Proprietary licences both frustrating and pushing move to PostgreSQL

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OSS

Proprietary licences that are very complex, impossible to comply with, and abused to squeeze customers are frustrating public agencies in their effort to make IT infrastructures more open and interoperable. On the other hand, these licensing problems are motivating the same agencies to move to open source software. The Swedish National Heritage Board, the Dutch City of Ede, and the Dutch DUO agency all mention complex licences from their traditional proprietary suppliers as an important reason to deploy PostgreSQL as an open alternative for their database systems. At the same time, suppliers are abusing their inscrutable licensing models to hinder public agencies in their migration and consolidation efforts.

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How IBM’s LinuxONE Has Evolved For the New Open Source Cloud

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Interviews
OSS

LinuxONE is IBM’s Linux Server. The LinuxONE server runs the major distributions of Linux; SUSE, Red Hat and Canonical’s Ubuntu. The server also runs open source databases like Mongo DB , PostgreSQL and MariaDB allowing for both horizontal growth and vertical scale, as demonstrated by running a 2TB Mongo database without sharding. Several of the features built into this system support the constant innovation inherent in the open source movement while maintaining the performance and reliability required by Enterprise clients; for example, Logical Partitions (LPARs) allow clients to host a development environment on the same system as production with zero risk.

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Openwashing

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OSS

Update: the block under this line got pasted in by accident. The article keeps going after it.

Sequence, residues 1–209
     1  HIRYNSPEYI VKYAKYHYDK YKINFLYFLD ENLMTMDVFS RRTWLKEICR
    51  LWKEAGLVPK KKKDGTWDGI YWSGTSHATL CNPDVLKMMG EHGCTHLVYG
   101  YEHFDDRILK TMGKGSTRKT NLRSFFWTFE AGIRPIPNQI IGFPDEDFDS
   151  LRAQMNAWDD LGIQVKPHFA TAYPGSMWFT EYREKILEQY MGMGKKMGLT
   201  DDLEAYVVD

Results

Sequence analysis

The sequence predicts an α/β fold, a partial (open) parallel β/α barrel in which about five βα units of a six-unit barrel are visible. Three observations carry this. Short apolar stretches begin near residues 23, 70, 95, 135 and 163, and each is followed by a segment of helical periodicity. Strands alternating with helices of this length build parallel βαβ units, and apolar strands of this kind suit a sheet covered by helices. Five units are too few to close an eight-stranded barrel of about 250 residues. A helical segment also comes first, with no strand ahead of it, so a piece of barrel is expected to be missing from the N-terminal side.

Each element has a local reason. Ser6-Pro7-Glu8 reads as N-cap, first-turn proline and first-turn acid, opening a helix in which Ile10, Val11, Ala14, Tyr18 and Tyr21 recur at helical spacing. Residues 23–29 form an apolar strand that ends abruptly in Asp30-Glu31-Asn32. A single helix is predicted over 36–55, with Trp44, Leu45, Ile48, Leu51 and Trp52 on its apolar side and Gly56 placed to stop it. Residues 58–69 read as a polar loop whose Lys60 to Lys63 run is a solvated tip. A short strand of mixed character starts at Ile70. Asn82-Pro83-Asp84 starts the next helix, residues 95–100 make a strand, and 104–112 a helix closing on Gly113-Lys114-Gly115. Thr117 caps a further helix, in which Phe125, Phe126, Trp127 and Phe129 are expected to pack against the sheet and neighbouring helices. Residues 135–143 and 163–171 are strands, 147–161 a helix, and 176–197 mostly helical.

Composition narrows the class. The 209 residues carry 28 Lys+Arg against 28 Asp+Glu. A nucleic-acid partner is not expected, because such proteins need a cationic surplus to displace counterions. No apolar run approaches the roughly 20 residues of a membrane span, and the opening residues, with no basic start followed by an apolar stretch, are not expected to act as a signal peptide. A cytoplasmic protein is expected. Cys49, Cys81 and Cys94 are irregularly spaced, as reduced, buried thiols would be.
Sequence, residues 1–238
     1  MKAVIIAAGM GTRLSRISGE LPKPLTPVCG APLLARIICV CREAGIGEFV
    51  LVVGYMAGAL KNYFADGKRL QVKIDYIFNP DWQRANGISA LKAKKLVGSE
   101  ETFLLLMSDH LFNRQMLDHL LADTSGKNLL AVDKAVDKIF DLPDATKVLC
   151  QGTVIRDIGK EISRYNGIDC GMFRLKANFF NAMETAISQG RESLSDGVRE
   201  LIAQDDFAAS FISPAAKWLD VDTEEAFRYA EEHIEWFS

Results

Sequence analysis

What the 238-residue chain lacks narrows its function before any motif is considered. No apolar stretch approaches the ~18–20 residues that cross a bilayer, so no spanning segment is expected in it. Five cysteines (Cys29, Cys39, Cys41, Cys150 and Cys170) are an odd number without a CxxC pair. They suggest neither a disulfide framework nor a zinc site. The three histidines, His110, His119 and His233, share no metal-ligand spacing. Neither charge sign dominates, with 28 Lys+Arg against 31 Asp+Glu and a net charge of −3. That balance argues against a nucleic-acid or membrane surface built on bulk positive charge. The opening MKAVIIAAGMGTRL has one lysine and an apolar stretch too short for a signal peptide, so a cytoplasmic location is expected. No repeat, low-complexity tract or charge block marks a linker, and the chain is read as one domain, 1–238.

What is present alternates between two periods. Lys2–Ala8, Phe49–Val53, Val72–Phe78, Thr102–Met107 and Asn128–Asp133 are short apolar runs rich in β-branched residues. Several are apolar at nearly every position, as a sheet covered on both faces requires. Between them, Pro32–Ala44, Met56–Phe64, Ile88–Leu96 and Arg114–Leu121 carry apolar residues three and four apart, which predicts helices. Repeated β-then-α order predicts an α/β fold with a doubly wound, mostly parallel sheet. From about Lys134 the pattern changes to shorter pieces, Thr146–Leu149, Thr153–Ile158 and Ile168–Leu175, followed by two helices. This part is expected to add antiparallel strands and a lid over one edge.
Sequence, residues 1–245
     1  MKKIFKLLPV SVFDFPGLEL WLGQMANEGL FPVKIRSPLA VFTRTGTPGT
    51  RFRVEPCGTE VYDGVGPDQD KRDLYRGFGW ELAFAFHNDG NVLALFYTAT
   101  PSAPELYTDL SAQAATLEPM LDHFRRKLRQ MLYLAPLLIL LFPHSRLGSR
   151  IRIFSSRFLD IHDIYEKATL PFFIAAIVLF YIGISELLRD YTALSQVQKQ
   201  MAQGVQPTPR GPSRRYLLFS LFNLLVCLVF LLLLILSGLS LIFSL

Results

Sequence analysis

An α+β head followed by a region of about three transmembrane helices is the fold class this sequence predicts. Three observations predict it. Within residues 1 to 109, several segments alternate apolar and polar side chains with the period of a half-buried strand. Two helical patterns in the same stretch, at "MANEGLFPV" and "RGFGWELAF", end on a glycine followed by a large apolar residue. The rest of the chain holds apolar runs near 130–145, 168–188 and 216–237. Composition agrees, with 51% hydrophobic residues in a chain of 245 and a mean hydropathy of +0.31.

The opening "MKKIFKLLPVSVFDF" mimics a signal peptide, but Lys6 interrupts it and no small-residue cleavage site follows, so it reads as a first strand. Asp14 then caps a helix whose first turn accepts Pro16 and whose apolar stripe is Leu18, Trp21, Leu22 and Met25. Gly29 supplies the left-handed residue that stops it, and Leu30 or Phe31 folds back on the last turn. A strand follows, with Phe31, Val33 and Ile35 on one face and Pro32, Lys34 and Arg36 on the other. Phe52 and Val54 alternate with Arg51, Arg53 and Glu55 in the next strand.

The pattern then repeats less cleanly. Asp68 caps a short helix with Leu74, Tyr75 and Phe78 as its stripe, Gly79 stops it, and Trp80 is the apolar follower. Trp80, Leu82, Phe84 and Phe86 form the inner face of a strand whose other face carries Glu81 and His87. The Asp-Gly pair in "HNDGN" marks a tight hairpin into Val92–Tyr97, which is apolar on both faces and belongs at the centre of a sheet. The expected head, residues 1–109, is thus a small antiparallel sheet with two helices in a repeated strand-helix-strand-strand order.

Out of the Trash and into the Class: Building a STEM Program by Re-Building Computers.

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OSS

The FLOSS Desktop for Kids initiative refurbishes surplus and discarded school computers, allowing students to learn (hands-on) about computers and technology by diagnosing, breaking-down and repairing hardware components. Students acquire, install and configure open source software including Linux operating systems, LibreOffice, GIMP, Pidgin, etc.—not just run “apps” on a tablet. The program, is designed to teach engineering and technology by doing, failing, fixing, frustration, and finally achieving—that's how Science, Technology, Engineering and Math really happen, and that aligns perfectly with STEM's goals: “knowledge and skills to solve tough problems, gather and evaluate evidence, and make sense of information.”

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Open Source Software for Business: 12 Leading Apps

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OSS

These are some of the best ERP, CRM, small business server, project management and business intelligence applications available under an open source license.

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MariaDB Under Fire for Proprietary Curve

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OSS
Legal